Do you use MindManager, and have you always wanted to have one map to rule all the other ones? This series of posts outlines an approach that can be used to provide such a map, or at least one that would give you the opportunity to review other maps and make minor changes to them.
Recently Andrew Wilcox posted a great MindManager map on his Cabre Applications of MindManager blog which provides a comprehensive overview the many ways in which MindManager (MM) can be used to manage tasks. As he states and as the map demonstrates, MM offers “so many options and add ins” to achieve this as a stand-alone program as well as in combination with other members of the Mindjet “family” or in conjunction with external programs including Microsoft Outlook.
One option that MM does lack is the capacity to set up a single dashboard map that can give you a snapshot of progress across all your projects, an issue that’s caused some lively debate recently on the Mindjet forum. This is because MM does not have an internal database of tasks from which such a dashboard could be created and in the absence of such a beast, MM’s file structure makes it difficult for a mindmap to be used to survey status across other maps.
The most obvious alternative is to use an add-in like ResultsManager, from Gyronix, which provides such a database, but while this is a very powerful tool it is fairly expensive and may be overkill for many users. There is another way, however, which is free if you already have a copy of Outlook; this is to exploit MindManager’s capacity to synchronise tasks (and other items) between the two programs. In effect, Outlook tasks are used to form a database of MM tasks.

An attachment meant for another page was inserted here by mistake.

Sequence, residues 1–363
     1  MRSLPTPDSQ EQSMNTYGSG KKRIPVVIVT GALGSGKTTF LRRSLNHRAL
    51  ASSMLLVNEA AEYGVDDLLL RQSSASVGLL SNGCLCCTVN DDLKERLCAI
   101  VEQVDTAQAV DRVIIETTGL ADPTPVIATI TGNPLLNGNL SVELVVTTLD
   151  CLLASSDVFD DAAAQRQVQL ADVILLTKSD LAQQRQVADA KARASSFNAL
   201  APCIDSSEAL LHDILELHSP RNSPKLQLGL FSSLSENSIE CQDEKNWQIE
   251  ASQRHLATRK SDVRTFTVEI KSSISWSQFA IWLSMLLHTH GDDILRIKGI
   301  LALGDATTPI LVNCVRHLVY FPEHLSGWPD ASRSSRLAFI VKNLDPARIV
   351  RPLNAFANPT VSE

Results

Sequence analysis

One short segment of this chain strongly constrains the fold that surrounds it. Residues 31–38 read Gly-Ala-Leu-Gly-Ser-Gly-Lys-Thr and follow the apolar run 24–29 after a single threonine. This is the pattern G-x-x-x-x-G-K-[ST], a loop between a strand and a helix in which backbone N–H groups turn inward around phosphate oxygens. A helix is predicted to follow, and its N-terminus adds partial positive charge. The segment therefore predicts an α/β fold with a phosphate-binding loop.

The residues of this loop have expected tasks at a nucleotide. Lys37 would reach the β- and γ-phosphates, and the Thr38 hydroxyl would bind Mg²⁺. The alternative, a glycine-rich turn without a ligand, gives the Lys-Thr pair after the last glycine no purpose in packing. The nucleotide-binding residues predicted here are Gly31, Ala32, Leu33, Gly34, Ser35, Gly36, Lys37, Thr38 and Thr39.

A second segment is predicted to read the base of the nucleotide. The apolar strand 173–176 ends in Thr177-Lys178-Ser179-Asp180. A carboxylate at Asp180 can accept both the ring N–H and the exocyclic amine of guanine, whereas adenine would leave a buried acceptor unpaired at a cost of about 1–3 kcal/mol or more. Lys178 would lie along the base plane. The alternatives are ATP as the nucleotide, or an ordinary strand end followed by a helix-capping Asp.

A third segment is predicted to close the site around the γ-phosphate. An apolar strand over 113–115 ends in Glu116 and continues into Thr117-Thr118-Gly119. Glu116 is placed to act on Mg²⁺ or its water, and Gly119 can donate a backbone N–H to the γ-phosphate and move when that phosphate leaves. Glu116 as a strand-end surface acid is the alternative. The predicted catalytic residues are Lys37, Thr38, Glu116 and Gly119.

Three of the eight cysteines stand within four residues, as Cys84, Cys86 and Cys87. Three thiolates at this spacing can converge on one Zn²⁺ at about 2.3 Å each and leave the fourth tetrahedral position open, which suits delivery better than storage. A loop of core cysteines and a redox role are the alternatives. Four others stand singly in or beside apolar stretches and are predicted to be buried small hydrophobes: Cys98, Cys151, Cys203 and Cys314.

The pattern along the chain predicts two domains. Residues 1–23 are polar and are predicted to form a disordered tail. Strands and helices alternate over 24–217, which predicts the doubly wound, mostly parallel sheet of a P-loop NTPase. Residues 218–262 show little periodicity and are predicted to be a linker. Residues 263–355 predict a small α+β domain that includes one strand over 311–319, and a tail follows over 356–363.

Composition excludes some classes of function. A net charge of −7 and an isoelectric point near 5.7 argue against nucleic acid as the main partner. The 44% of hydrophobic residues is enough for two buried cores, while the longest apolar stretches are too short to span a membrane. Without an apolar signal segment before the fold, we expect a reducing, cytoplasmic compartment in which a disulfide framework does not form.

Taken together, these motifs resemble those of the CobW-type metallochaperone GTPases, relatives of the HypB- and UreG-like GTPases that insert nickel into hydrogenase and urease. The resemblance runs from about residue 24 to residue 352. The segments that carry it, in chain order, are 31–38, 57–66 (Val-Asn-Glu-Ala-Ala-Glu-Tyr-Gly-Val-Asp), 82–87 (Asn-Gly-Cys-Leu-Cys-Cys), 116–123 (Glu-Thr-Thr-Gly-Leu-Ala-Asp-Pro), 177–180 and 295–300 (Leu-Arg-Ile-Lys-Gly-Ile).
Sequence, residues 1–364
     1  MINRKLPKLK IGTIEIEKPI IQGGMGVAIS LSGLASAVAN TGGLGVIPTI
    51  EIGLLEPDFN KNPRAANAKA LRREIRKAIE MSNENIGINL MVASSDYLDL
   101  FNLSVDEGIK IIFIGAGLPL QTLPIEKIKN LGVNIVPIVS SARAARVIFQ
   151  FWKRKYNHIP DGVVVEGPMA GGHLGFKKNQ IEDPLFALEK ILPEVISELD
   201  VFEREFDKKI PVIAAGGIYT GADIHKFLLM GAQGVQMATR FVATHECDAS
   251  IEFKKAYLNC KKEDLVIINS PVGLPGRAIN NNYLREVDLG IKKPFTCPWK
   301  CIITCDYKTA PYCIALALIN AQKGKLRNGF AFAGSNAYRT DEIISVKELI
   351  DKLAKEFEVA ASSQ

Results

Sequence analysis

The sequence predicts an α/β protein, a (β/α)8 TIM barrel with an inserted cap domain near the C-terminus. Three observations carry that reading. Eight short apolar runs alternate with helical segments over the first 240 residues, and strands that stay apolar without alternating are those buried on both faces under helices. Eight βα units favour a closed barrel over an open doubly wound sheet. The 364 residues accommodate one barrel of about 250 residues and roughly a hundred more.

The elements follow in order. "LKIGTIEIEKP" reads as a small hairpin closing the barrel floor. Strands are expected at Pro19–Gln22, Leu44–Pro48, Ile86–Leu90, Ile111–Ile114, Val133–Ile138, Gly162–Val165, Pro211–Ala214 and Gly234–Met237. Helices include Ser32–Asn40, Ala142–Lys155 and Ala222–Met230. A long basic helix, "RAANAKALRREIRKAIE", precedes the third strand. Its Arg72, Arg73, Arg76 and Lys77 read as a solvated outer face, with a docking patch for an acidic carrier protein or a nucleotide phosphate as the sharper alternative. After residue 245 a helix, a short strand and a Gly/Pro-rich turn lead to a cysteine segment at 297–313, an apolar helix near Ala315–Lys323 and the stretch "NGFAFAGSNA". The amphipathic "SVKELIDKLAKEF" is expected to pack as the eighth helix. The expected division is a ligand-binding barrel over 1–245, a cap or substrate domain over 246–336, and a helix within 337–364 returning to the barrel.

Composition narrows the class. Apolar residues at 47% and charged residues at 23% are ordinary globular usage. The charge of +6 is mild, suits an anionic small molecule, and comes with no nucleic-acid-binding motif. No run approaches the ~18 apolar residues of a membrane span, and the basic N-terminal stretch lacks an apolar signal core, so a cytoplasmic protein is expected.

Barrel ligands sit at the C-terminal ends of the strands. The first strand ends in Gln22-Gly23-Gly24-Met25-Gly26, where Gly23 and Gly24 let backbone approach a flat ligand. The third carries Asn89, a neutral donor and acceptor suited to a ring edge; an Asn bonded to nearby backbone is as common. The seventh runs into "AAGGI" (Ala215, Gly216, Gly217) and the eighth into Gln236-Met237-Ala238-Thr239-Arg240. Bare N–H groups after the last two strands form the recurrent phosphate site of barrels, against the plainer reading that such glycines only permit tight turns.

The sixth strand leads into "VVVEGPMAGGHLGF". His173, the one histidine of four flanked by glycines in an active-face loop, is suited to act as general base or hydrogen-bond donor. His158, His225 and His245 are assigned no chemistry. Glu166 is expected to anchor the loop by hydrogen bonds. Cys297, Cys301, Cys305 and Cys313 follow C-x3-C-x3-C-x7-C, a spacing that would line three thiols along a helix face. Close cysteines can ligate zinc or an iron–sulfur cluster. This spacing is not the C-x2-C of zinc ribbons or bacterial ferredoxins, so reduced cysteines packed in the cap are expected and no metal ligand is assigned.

Here’s the first stage of a process I have developed that will allow you to do this. Not only that, once the dashboard map is created you can also use it to update progress in the individual project maps without touching Outlook (though you can certainly use Outlook to do this as well).
This approach probably isn’t suitable for MM users who are complete novices, but while it is a little fiddly it really isn’t all that difficult. As well as a copy of the PC desktop version of MM from version 9.2 onwards you will need Outlook 2007 onwards and to have established that these programs can talk to each other. If you are not a regular user of Outlook you should have a play with it as well, particularly with Outlook tasks and the process to assign specific categories to them, but as I said you don’t need to interact with Outlook once the maps are set up (provided MM can talk to it).
In stage 1 I’ll outline how to link your MindManager project maps with Outlook and in particular how to apply Outlook categories to the tasks in these maps. I’m using MM15 and Outlook 2010, but the steps are similar in any recent version of both programs:
- Create your project maps in MindManager incorporating all the tasks involved. You should know how to do this; make sure that all tasks you create have been given start and due dates, a priority level and the progress symbol is set to 0% (or whatever proportion has been completed to date).
- Work out a system of categories – but don’t apply them to the tasks in your maps just yet. For various reasons – mainly the change in the method of syncing tasks between MM and Outlook introduced in version 9 of MM – categories first created in MM are simply not recognised in Outlook. You can sync tasks either way between the programs, but for categories to be recognised at both ends and kept in sync they must be first created in Outlook and then sent to MM.